Beyond Delicious Coconut Kisses

Beyond Delicious Coconut Kisses
By Mary Ann Winkowski, author of Beyond Delicious: The Ghost Whisperer’s Cookbook

The Story of Ted’s Beyond Delicious Coconut Kisses

Beyond Delicious Coconut Kisses
Beyond Delicious – The Ghost Whisperer’s Cookbook

When I’m visiting friends, they usually know better than to invite people over at the same time. You’d be amazed how many conversations come around to ghost stories, and from there it’s only a matter of time before it comes out about what I can do.  After that, there’s no more relaxing for me!  It’s like I’m back on the clock, answering questions and telling stories. Not to say it’s particularly hard for me to tell stories – I love to! – but when I’m expecting a night off, I like to have it.

That’s why it took me by surprise when my friend Sharon said she had invited her neighbor Carly over to visit with us. I was dumb folded when she also announced that Carly thought she had a ghost, which is why she wanted to stop by and visit.  The only thing that saved the afternoon was the big plate of cookies Carly arrived with!

Ted, my husband was with me and his eyes lit up when he saw that some of the cookies were macaroons. Ted’s a huge fan of coconut, especially coconut cookies, but since I am not, he really doesn’t get them much at home.  As Ted reached for his second, I noticed that the ghost who had come in with Carly – because yes, there was a man attached to her – was scowling a little.

“These are delicious!” Ted said. “The macaroons?” Carly replied. “Thank you!” That made the ghost scowl even deeper. “Those are not macaroons,” he mumbled. “Why does he always call them macaroons?” “Well, what do you call them?” I asked the ghost.  He told me they were Coconut kisses, not macaroons. I didn’t want to bicker about what the difference could possibly be, so I asked him who he was instead.

Turns out his name was also Ted, to which Carly responded, “Grouchy Uncle Ted?” “He didn’t introduce himself that way,” I said diplomatically. Carly had me ask him if he had a wife and what her name was, which confirmed that it was indeed Aunt Irene’s husband, grouchy Uncle Ted.  “He was always so particular about everything,” Carly explained. “He’d sit there and grouch about everything that wasn’t exactly the way he like it.”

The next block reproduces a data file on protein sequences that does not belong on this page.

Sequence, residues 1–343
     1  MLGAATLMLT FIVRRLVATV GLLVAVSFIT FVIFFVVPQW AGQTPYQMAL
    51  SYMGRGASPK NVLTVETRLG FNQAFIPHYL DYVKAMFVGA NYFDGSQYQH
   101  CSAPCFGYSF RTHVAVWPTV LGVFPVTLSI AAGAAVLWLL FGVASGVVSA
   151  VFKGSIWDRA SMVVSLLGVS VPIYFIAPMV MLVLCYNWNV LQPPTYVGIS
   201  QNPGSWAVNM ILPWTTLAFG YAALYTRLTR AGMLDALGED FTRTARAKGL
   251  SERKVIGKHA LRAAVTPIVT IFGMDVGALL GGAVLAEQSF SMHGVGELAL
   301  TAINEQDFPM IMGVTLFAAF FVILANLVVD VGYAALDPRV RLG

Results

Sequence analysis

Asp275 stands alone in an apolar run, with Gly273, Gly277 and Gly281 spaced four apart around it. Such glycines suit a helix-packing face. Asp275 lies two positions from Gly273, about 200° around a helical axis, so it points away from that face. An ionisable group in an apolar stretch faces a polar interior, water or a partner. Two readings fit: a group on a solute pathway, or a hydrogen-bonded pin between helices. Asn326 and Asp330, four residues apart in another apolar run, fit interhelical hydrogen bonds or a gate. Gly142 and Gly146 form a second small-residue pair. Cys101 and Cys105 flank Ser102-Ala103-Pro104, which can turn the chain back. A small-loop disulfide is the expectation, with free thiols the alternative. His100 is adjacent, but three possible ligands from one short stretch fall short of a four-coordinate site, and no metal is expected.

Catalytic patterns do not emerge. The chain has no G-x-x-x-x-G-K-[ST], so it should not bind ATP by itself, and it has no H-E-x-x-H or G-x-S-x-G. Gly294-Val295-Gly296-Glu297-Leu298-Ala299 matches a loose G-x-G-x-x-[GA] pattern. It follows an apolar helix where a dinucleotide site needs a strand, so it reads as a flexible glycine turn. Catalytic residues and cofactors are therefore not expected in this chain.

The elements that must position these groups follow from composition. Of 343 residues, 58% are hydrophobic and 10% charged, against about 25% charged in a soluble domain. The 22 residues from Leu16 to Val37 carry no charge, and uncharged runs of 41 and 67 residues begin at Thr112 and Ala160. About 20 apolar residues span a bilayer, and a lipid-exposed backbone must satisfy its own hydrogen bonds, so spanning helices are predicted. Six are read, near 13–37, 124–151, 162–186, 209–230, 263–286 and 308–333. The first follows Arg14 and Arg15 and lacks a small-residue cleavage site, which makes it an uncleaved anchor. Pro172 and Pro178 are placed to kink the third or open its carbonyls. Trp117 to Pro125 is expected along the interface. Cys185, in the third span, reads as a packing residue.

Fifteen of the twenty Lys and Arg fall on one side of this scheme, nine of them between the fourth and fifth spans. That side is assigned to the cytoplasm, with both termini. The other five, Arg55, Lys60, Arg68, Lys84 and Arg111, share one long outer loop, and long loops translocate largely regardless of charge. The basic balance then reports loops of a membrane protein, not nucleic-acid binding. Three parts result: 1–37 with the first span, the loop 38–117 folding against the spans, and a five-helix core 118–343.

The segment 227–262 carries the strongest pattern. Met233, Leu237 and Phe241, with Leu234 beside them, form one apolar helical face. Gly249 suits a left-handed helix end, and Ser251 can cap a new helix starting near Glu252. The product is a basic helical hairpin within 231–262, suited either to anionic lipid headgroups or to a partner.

“Actually, he’s complaining now,” I admitted, and explained to Carly what he’d said about the cookies.  “Oh, I know what he called them,” Carly said. “But everyone else on the planet calls them macaroons, so that’s what I call them now, too.”  “No!” Uncle Ted disagreed. “They are not macaroons! Macaroons have flour in them and these cookies do not.  Is she even making them right? They have to cool on a damp cloth before you try to take them out of the pan.” Uncle Ted – perhaps in an effort to prove how articular he really was – then asked me to copy down his recipe to make sure Carly was at least making them right.

I passed along the recipe and Carly nodded as she looked it over.  “Yes, that’s how they’re made. I don’t need this,” she said, handing the recipe back to me.  So I made the White Light for Uncle Ted. Thankfully, he saw Irene in it and crossed right over without another thought.

Ted’s Beyond Delicious Coconut Kisses Recipe

1 1/4 cup shredded coconut
1/3 cup sweetened condensed milk
1/2 teaspoon vanilla
1 egg white

Blend coconut, milk, and vanilla thoroughly. Beat egg white until stiff. Combine the two mixtures and drop by teaspoonfuls onto greased cookie sheets.  Bake in moderate over at 350 degree for 15-20 minutes. After baking, let cool for several minutes on a damp cloth before carefully lifting them from the pan with a spatula. Placing the pan on a folded damp cloth while removing the kisses helps to avoid breaking them.

For more recipes of the dearly departed check out Mary Ann Winkowski’s book Beyond Delicious: The Ghost Whisperer’s Cookbook

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